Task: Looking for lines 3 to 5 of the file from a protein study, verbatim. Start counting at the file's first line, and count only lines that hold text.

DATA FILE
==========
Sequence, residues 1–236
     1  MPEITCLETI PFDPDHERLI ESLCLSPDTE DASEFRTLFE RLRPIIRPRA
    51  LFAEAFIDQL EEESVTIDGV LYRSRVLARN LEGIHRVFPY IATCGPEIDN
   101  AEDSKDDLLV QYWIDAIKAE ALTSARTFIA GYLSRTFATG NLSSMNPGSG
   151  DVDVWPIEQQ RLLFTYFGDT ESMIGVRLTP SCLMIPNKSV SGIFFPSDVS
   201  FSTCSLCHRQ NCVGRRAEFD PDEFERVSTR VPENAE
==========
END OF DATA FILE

    51  LFAEAFIDQL EEESVTIDGV LYRSRVLARN LEGIHRVFPY IATCGPEIDN
   101  AEDSKDDLLV QYWIDAIKAE ALTSARTFIA GYLSRTFATG NLSSMNPGSG
   151  DVDVWPIEQQ RLLFTYFGDT ESMIGVRLTP SCLMIPNKSV SGIFFPSDVS